For children growing up in the city, going pony riding could seem impossible but thanks to The Pony Club, it’s now easy for city kids to take part in all the joys of the club. They have Pony Club Centres across the capital where children without ponies can take part in all the activities including camps and competing for badges.

They can be found across the city, including at the Hyde Park Riding School, Deen City Farm, Vauxhall City Farm and the Lee Valley Riding Centre.

  1. Ham Polo Club, Greater London

If you are an established horse rider looking for an equestrian event with a difference then head to Ham Polo Club, just eight miles from Hyde Park Corner. It’s the last polo club in Greater London and has been in place since 1926. You can come along and have a go, or if you prefer to spend the afternoon watching a match on a Sunday, you can do that too.

If you thought city life meant giving up your love of horses and horseback riding hopefully this quick guide will help to reassure you that you can still enjoy and take part in many equestrian activities even while living or working in the capital city.

From Pony Club to Polo, from gentle hacks through the parks to fancy dress sponsored rides and the thrill of learning carriage driving, there really is a huge variety of opportunities to take part in horseback riding lessons and events no matter which part of London you live in.

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“Finding Santa” at Little Angel Studios – 18/11/18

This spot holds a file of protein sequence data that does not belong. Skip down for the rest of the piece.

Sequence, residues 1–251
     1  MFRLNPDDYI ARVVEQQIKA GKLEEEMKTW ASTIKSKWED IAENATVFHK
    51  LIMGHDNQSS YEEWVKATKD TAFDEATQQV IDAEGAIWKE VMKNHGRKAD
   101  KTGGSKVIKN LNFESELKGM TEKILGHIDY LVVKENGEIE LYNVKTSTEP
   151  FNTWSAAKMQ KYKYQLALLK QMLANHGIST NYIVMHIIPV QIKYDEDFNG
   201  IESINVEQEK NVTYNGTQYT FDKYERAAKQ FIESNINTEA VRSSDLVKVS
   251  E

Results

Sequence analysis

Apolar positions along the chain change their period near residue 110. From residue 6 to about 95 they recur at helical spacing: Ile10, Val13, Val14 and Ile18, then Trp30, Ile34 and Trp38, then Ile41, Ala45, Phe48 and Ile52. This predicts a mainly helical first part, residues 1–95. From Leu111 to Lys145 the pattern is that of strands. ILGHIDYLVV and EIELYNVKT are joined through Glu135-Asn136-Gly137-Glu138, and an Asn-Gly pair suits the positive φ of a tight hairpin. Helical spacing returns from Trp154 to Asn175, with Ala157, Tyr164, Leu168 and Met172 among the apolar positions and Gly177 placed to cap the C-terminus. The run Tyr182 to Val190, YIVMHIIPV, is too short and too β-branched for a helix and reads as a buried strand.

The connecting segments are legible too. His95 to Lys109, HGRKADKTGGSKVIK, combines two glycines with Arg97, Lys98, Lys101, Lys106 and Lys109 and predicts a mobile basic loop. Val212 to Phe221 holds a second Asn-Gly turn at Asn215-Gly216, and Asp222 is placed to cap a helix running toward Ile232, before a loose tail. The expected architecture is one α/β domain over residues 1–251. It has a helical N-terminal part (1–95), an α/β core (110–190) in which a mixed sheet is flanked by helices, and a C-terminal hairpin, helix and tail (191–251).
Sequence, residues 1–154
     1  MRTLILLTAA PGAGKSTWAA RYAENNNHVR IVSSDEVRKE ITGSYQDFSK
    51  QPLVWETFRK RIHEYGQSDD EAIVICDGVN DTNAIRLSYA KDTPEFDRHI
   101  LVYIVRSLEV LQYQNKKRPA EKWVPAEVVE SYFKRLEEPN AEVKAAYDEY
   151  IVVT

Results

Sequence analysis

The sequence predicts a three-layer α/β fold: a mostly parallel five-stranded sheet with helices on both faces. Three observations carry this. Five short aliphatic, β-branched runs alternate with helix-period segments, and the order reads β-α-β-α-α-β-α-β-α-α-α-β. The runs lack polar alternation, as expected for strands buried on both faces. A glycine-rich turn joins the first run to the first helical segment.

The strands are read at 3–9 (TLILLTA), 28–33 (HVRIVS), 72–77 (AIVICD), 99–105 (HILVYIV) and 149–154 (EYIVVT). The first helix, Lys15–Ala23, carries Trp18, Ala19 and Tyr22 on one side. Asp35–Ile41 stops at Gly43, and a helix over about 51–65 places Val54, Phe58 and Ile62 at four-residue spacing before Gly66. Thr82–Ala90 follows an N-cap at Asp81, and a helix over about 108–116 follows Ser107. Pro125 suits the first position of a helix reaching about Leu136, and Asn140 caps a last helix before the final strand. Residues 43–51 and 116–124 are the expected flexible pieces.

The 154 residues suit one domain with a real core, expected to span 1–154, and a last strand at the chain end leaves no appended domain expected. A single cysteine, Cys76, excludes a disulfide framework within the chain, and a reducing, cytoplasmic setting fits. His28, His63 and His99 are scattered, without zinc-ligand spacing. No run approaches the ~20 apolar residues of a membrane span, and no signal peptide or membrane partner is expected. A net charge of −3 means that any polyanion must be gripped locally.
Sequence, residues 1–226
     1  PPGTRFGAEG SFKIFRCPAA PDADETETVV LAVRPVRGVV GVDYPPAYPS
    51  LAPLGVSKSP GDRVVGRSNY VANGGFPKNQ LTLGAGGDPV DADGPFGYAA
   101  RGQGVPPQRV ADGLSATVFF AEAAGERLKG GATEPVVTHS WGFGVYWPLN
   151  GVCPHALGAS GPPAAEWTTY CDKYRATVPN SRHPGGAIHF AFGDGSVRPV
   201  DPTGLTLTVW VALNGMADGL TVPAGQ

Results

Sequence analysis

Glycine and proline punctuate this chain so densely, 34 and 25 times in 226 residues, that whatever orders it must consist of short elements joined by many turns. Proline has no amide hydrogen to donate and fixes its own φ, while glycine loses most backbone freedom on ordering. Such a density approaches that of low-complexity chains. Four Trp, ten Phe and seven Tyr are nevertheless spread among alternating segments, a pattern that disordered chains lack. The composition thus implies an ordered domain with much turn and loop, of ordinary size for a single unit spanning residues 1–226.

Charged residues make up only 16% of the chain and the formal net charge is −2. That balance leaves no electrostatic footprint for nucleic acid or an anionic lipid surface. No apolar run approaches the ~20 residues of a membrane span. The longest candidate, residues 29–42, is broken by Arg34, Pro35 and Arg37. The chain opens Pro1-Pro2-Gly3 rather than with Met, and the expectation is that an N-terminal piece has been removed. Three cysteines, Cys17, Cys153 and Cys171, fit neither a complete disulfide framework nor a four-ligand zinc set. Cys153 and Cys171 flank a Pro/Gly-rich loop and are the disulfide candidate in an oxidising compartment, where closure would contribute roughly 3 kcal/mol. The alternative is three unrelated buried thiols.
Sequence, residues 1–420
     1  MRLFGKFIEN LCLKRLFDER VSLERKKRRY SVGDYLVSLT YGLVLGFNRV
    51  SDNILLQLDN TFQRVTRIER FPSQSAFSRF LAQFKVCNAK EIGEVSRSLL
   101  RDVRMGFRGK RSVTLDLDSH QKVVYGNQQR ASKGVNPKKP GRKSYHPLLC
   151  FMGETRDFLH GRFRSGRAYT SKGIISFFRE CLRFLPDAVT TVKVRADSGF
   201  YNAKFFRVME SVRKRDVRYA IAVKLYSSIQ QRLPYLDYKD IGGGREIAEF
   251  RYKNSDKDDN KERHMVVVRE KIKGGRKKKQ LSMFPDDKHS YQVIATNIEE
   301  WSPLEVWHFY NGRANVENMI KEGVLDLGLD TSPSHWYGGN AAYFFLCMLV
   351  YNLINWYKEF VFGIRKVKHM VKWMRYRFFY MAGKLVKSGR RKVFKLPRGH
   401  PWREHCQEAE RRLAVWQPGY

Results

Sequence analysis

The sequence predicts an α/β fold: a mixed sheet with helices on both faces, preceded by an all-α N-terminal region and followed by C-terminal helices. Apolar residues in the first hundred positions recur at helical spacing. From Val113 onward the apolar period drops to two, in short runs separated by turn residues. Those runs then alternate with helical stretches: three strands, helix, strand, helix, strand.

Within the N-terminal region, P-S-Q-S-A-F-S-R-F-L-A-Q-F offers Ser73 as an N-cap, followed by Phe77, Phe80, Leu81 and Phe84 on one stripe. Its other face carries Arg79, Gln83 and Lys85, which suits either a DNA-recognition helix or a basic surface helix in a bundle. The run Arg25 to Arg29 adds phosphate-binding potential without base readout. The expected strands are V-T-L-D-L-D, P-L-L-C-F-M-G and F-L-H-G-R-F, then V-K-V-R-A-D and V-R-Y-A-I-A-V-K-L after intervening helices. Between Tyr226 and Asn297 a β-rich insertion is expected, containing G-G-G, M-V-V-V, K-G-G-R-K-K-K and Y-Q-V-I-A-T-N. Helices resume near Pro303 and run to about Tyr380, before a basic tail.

It might seem a tad early to talk about Christmas but I’ve been working hard on Christmas music since September and we had our first Christmas choir gig yesterday. So I think I’m OK to go to a show about Santa’s elves, full of snow and candy canes. It was also extremely convenient that we’d just been at church in Canonbury so were only a short saunter away from the Little Angel Studios (a separate venue to the theatre we went to for “The Everywhere Bear”)

Eva squealed with delight at the front of the studios, which were decorated with baubles and ribbons. As we walked through to the studio, the corridors were hung with letters to Santa, a key motif of the show we were about to watch. The studio itself had a set made of icebergs and icicles and elves were wandering around the audience, chatting to kids. It may be November, but it sure was Christmassy in there.

The show started with a shadow-puppet style film, telling the story of two elves who collected the letters to Santa and delivered them to the North Pole. Then we were thrown into the action with our two heroes – Tatty and Pumpkin – as they tumbled out of their sleigh and had to find their way home with the letters in time for Christmas Eve.